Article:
The American Commissioners to Vergennes
LS: Archives du Ministère des affaires étrangères; copy: Harvard University Library5
After Wickes’s squadron was sequestered on July 15 and Conyngham sailed from Dunkirk two days later, the commissioners’ relations with Versailles might have been expected to improve. Instead they grew worse, largely because Conyngham disobeyed his orders and took prizes. When one was recaptured, and most of the prize crew turned out to be French, the British suspected official collusion by Sartine. On August 5 Stormont protested. Vergennes laid the blame on the Americans at Dunkirk, and ordered the arrest of William Hodge as their principal instrument. On the 11th Hodge was found in Paris and thrown into the Bastille.6
Versailles, Aug. 12. 1777.
We understand with great surprize that one of our Countrymen, Mr. Hodge, a Merchant of Philadelphia, is apprehended at Paris with all his Papers, and carried away by Officers of the Police.
As Mr. Hodge is a Person of Character, connected with the best Houses in our Country, and employed here by a Committee of the Congress for the purchase of Merchandise we cannot conceive him capable of any wilful Offence against the Laws of this Nation: and our personal Regard for him, as well as the Duty of our Station, obliges us to interest ourselves in his Behalf, and to request, as we do most earnestly, that he may be immediately restored to us. We have the honour to be, with the greatest Respect, your Excellency’s most Obedient and most humble Servants.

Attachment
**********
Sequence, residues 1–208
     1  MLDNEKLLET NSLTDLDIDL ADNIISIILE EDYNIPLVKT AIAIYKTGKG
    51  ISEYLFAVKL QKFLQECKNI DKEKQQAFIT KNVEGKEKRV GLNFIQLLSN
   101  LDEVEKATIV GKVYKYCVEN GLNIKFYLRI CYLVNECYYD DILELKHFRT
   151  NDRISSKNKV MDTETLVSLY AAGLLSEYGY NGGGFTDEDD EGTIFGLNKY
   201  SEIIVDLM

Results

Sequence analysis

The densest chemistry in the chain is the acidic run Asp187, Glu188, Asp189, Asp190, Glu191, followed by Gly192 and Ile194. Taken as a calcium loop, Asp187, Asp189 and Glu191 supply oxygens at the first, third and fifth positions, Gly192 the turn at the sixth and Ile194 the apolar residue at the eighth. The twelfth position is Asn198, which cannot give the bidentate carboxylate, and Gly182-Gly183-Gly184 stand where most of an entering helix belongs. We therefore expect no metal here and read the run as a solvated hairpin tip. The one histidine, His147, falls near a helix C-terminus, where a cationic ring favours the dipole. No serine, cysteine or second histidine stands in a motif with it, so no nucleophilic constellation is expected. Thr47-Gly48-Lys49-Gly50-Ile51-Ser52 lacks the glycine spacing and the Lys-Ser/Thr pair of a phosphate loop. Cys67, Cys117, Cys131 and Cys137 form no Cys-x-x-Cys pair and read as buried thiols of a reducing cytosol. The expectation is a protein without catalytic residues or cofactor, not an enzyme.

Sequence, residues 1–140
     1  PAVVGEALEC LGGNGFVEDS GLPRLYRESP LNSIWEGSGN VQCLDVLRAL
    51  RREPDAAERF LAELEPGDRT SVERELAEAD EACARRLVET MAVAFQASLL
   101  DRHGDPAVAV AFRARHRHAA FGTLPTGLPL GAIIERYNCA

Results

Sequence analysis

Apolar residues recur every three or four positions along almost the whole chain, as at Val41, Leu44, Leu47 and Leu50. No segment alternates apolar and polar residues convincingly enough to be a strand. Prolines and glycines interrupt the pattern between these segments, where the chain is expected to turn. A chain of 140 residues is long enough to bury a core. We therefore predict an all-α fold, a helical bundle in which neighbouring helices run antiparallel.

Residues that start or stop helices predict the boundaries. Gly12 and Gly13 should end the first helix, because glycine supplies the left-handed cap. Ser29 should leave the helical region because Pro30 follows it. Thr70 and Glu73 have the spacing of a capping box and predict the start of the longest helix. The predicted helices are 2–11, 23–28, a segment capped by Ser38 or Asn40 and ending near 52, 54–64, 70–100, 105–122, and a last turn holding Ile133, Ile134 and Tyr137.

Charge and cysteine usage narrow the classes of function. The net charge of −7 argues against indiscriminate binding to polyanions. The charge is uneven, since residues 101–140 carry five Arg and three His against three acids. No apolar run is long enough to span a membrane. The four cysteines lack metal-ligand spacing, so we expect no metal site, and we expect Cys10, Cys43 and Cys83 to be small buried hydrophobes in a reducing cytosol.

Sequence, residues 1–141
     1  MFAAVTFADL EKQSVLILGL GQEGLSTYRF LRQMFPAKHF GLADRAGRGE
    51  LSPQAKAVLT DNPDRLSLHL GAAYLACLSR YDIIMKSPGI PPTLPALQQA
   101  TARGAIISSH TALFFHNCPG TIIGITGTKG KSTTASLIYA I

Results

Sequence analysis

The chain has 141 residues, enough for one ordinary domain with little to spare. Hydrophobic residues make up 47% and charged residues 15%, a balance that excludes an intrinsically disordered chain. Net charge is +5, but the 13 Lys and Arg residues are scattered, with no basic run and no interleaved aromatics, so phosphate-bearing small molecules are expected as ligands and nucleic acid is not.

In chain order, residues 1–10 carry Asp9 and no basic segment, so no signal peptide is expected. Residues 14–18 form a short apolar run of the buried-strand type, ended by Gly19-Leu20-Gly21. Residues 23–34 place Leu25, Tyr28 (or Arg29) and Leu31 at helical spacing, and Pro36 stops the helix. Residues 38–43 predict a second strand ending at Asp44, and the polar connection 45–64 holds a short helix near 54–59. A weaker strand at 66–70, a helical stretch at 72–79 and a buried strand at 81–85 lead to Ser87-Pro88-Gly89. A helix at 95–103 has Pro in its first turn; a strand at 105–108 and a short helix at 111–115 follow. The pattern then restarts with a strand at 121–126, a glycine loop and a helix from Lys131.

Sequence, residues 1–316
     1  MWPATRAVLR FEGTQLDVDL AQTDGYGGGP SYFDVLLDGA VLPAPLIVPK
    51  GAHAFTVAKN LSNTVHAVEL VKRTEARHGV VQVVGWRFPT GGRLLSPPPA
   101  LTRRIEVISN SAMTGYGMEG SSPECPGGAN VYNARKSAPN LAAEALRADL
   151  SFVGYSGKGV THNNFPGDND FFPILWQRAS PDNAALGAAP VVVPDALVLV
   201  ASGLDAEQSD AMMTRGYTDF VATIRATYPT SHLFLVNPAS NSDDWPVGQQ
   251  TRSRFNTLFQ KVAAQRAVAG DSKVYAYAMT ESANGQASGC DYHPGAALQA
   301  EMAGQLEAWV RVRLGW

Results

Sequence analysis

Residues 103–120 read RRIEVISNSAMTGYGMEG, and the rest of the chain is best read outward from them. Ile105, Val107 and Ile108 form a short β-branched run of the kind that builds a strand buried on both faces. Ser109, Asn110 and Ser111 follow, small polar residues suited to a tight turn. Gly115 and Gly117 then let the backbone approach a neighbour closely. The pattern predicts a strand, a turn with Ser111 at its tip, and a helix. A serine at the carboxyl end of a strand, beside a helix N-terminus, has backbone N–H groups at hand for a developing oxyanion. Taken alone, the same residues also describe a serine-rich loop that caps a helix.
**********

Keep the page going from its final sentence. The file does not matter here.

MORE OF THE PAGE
His Excy. the Count de Vergennes
5. The LS is in WTF’s hand, the copy in Arthur Lee’s with his notation, “Sent to Count Vergennes by Mr. Franklin junr.” Lee had returned from Germany more than a fortnight before: Carmichael to ––, July 27, 1777, N.Y. Public Library.
6. Dull, French Navy, pp. 77–8; Clark, Wickes, pp. 294–303; Neeser, Conyngham, pp. xxxv-xxxviii, 69–93. Two hours after the arrest, Chaumont, as BF’s emissary, interceded for Hodge with the chief of the Paris police and assured him that the prisoner–the best possible American, the most zealous for the cause–had been arrested merely to satisfy the British Ambassador. Stevens, Facsimiles, XVIII, no. 1648.